Bombardier, Inc. (TSX:BBD.B) has enjoyed a nice recovery in the past year, and investors who’ve watched the rebound from the sidelines are wondering if they should step in and buy.
Let’s take a look at the current situation to see if Bombardier should be in your portfolio.
A year ago, investors could pick up Bombardier for about $1 per share. Today, you’d have to fork out $2.50 to buy the stock.
The brave souls who took a shot during last winter’s chaos are certainly sitting on some nice gains, but long-term holders of the stock might not be as impressed.
Five years ago, Bombardier traded for more than $4 per share. In the middle of 2008, the stock traded at $8, and if you go all the way back to the glory days of 2000-2001, the shares traded hands for more than $20 each.
So, depending on how you see things, Bombardier is either full of fantastic potential or it’s a long-term dud that should be avoided at all costs.
Bombardier is certainly in better shape now than it was at this time last year.
The company has a robust order book for its troubled CSeries program and finally has some of the new planes in commercial operation.
Big orders from Air Canada and Delta Air Lines probably saved the firm last year. The agreements pushed the order book above Bombardier’s initial target of 300 planes and ended a sales drought that extended all the way back to September 2014.
The company delivered seven of the jets in 2016 and expects to hand over at least 30 of the planes this year.
On the funding side, Bombardier received US$2.5 billion from Quebec and the province’s pension fund, the CDPQ, in 2016.
Quebec handed over US$1 billion for a 49.5% stake in the CSeries program and the CDPQ invested US$1.5 billion for a 30% position in Bombardier Transport.
Ottawa and Bombardier spent all of 2016 at the bargaining table and recently announced additional aid. The Federal Government will provide $372.5 million in repayable interest-free loans handed out over the course of the next four years. Bombardier says it might take 15 years to pay the money back.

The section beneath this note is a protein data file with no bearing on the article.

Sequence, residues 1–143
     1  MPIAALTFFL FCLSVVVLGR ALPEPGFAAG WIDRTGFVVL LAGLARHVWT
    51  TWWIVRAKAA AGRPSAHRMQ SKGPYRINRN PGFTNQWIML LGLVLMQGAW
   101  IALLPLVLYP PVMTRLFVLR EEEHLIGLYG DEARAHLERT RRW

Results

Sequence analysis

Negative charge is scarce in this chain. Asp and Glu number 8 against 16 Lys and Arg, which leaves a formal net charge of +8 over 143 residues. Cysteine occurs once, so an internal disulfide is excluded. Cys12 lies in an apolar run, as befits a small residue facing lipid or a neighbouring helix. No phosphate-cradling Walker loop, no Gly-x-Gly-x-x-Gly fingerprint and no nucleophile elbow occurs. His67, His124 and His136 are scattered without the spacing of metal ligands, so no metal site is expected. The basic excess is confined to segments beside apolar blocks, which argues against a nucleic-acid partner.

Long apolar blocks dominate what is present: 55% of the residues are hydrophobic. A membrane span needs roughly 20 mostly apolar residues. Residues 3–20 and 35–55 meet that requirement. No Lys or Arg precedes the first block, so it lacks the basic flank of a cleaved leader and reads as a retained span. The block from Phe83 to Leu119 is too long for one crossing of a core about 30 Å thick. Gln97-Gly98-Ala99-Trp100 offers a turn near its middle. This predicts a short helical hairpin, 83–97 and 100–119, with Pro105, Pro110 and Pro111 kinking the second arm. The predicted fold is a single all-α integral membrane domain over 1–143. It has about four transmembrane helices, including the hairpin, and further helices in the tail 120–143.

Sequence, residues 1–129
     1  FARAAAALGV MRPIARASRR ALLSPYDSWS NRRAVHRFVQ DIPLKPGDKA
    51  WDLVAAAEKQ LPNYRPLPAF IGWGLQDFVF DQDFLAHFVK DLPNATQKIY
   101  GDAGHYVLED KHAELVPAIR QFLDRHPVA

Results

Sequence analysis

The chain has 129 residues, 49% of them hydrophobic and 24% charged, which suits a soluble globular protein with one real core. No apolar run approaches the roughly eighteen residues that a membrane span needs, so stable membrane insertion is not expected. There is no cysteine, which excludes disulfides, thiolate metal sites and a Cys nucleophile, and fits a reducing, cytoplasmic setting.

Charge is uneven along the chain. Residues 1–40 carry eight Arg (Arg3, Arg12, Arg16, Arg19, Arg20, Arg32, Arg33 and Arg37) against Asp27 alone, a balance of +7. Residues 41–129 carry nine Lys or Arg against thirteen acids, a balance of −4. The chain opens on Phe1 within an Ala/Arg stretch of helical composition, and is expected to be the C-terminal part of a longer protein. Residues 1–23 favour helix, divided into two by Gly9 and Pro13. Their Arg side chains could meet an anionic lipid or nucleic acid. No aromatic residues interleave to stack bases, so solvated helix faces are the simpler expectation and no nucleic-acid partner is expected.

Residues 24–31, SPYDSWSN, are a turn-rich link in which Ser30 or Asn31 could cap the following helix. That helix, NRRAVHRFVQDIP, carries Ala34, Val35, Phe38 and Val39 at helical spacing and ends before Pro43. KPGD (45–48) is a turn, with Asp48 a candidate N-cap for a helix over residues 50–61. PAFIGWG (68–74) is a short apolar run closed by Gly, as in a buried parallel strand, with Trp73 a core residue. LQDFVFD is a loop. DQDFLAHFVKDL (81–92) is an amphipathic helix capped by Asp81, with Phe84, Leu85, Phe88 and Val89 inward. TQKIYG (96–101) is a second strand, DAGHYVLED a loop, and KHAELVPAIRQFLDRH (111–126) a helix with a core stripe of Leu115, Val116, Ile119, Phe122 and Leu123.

Bombardier had initially asked Ottawa for US$1 billion, so the much smaller amount might be viewed as a positive sign that the company is no longer facing a cash crunch.
Bombardier is still carrying more than US$8.7 billion in long-term debt and says the 2017 cash burn will be at least $750 million as the business continues to ramp up its CSeries program.
The refinancing of $1.4 billion in debt late last year provides some breathing room, but investors have to consider the debt situation when evaluating the stock.
The company reported weaker-than-expected numbers for Q4 2016, as difficult conditions in the rail and business aircraft segments led to lower year-over-year revenue.
Bombardier is struggling to meet delivery obligations on a streetcar order for Toronto and is trying to block Ontario’s Metrolinx from cancelling a 2010 order for 182 light-rail vehicles.
The pilot vehicle was supposed to be delivered in 2014, but it has been delayed several times.
Should you buy?
Bombardier is making progress on its turnaround efforts, but more work has to be done.
If you have a contrarian investing style and think another significant CSeries order is on the way this year, there could be some upside on a positive announcement.
At this point, however, I would prefer to see the company on more solid footing before committing some money. The heavy debt load, ongoing difficulties in the rail group, and a weak business jet market are significant concerns.
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Fool contributor Andrew Walker has no position in any stocks mentioned.